February 20, 2022

Present in the Storm

A Sermon Preached by Canon Simon Butler

Luke 6:27-38

Of all the things we can feel and experience, fear can be the most overwhelming and debilitating. Sometimes our fears are grounded in reality: going into an exam where we are not sure what questions we are going to be asked, facing an unexpected trip to the hospital tests or an op, receiving news that throws our life into uncertain confusion, and so on.

But at other times our fears, real though they might be for us, have no rational explanation. Someone I know has a fear of flying. So overwhelming was that fear that, when he married, his wife – who had been fine until then – developed the same fear.  For years they could only take holidays to places they could reach by car. Despite all the reassurances about the safety of planes over cars, they were unable to fly until they decided to confront their fear and go on a fear of flying course. Since then they have flown as far as the Canary Islands and are gradually getting better – though part of the course involved discussing the various noises planes make, which cannot always have been helpful to the other passengers!

Fear often comes when we are out of control – which, I think, is the case with my friends and their experience of flying. That presumably was what happened with the disciples in the middle of a storm on the Sea of Galilee. Imagine having been out in the middle of Lake Windermere when Storm Eunice hit and you get the idea. Usually the Sea of Galilee is as smooth as a piece of glass but even today storms such as the one described in our gospel are reported to blow out of nowhere. So the disciples probably sailed out when the lake was calm and were just sitting or lying in the boat relaxing so much so that Jesus had fallen asleep. All of a sudden, a storm blew up and the boat began to fill with water. Imagine their sense of panic and of fear as they thought they might drown. Not surprising then that they shout to Jesus, ‘Master, Master, we are perishing’. Were they just waking him to be with them or did they have a sense that he might be able to do more? We don’t know but it seems that they just wanted him to wake up. Jesus wakes up, calmly rebukes the wind and the raging waves and calm is restored. And then he turns to them and asks, ‘Where is your faith?’ and we read that they were afraid and amazed as Jesus has command over the winds and the waves.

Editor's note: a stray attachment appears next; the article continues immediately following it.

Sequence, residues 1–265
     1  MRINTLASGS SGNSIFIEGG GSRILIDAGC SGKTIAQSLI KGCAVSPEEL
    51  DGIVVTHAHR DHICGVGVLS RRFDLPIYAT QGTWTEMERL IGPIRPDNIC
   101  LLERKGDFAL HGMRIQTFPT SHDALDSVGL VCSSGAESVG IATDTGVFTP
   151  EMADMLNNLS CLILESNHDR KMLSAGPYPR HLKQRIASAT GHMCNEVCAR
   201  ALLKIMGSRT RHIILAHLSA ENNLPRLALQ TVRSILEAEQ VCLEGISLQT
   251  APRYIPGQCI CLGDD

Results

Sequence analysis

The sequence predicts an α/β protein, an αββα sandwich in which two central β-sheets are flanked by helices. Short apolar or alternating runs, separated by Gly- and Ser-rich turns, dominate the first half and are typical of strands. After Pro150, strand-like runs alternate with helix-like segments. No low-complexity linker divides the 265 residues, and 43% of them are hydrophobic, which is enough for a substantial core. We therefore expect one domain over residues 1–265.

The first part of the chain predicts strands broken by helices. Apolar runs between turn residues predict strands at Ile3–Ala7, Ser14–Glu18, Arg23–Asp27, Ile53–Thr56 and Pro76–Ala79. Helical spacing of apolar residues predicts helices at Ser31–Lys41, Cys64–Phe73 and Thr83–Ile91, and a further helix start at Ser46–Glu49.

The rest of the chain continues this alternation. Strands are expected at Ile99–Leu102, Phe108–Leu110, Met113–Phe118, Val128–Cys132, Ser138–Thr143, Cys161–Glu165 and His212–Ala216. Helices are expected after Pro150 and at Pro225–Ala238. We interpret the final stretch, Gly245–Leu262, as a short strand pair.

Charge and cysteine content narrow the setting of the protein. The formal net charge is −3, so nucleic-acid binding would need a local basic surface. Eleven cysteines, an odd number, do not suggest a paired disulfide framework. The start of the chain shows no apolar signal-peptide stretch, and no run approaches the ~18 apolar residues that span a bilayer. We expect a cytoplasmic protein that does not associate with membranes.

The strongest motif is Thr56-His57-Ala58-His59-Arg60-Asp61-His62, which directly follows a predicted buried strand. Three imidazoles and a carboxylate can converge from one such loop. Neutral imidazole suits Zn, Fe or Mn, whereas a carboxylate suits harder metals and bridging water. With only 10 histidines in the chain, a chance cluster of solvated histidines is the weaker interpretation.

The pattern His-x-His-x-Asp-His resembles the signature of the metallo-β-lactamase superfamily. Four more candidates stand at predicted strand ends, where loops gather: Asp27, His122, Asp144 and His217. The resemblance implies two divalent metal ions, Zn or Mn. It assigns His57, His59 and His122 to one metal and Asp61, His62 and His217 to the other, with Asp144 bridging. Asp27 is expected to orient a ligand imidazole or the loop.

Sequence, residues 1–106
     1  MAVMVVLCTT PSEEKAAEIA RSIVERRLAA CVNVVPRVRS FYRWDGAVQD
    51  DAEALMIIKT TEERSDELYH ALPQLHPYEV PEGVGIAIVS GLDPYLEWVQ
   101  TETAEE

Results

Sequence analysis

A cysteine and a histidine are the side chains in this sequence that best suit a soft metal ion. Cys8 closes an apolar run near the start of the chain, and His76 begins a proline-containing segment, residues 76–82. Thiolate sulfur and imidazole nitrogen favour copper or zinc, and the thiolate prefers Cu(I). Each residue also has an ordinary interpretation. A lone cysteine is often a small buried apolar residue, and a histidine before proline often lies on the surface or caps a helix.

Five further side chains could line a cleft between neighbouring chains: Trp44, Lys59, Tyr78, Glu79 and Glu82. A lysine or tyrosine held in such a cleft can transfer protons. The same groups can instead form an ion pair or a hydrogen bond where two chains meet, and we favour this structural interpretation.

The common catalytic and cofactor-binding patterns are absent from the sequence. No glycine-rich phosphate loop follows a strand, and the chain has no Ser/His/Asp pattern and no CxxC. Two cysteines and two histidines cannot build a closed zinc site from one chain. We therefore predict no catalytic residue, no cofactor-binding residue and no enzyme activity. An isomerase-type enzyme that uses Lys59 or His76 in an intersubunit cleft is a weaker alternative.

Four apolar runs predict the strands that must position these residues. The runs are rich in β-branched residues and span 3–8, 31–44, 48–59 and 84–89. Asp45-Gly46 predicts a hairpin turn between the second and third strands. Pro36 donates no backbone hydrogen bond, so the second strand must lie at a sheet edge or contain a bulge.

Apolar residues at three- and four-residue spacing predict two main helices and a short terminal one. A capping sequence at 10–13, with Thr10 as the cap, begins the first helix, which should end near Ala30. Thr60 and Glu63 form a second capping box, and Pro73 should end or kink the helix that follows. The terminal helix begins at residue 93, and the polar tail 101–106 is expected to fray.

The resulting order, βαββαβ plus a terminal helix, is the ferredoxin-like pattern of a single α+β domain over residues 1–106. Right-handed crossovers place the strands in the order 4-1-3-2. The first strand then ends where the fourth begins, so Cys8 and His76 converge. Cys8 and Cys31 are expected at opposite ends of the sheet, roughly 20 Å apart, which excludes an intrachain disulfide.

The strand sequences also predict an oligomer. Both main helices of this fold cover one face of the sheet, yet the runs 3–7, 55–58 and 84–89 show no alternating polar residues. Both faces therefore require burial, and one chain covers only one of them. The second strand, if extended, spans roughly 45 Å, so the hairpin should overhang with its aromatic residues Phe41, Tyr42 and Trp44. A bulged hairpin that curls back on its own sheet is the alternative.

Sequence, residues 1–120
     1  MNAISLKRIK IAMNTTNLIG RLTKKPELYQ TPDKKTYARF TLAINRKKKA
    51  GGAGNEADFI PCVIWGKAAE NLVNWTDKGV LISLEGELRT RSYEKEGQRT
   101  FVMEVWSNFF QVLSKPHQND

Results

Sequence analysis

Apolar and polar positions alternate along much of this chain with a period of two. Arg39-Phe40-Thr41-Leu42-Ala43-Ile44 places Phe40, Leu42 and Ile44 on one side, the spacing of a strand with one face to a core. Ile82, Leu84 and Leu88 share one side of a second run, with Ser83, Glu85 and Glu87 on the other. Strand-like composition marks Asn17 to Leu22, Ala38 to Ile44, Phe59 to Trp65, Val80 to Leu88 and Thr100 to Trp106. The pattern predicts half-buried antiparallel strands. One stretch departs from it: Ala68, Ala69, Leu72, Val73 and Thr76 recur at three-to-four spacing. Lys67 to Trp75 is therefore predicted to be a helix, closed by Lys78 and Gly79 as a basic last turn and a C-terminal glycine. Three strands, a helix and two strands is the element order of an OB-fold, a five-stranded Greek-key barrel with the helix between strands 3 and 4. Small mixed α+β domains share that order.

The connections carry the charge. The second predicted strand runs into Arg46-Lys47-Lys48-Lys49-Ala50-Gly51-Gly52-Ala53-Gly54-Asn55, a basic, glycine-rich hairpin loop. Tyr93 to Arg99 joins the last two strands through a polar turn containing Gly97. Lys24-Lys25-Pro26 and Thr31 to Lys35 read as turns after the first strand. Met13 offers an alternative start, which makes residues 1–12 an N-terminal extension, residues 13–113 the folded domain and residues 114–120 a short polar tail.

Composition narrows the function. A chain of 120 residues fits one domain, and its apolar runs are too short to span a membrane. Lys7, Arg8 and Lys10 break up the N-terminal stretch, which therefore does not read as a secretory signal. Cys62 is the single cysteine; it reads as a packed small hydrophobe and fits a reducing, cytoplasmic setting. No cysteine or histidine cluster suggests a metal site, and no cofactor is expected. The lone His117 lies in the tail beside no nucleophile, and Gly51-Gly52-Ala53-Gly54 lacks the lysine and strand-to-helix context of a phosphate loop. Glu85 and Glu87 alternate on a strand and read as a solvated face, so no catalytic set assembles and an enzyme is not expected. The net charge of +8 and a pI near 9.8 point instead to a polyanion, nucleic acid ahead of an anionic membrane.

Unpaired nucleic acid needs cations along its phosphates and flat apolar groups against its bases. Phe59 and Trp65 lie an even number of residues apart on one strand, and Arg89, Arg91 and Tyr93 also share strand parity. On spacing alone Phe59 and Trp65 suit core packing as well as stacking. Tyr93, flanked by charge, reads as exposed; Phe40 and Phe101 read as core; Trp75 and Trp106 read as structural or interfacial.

Jesus is with them through the storm and is able to bring them out of the other side to a place of calm and peace. You can imagine how that story would have resonated in the early Church as people faced opposition from their families, their synagogues and the Roman authorities at various points. When the storm is raging, trust in Jesus.

That would be enough, wouldn’t it? We could glean from this story that Jesus is just someone we can turn to when things get sticky or dangerous. But this story comes in Luke’s gospel just after the Parable of the Sower where we glean that it is the seed sown in fertile soil that grows and flourishes. And in the story just before this one, Jesus describes his family as those who hear God’s word and do it. So having faith is far more than just turning to Jesus in difficult situations – situations where we feel out of control when we might reach for the spiritual lifebelt – it is about a relationship of growing depth which we have to allow God to nurture and bless. It’s about allowing the seed to take root in us so that when we face such challenges we can respond in faith. Prayer and reading of the scripture help us to align ourselves with God’s mind and will that we know that God is with us through the storms but also through the calm places in our lives where it is so easy to assume control once more and forget about Him. That’s a good reason to join our Lent Study Groups or Prayer Workshops – to grow in this faith and trust.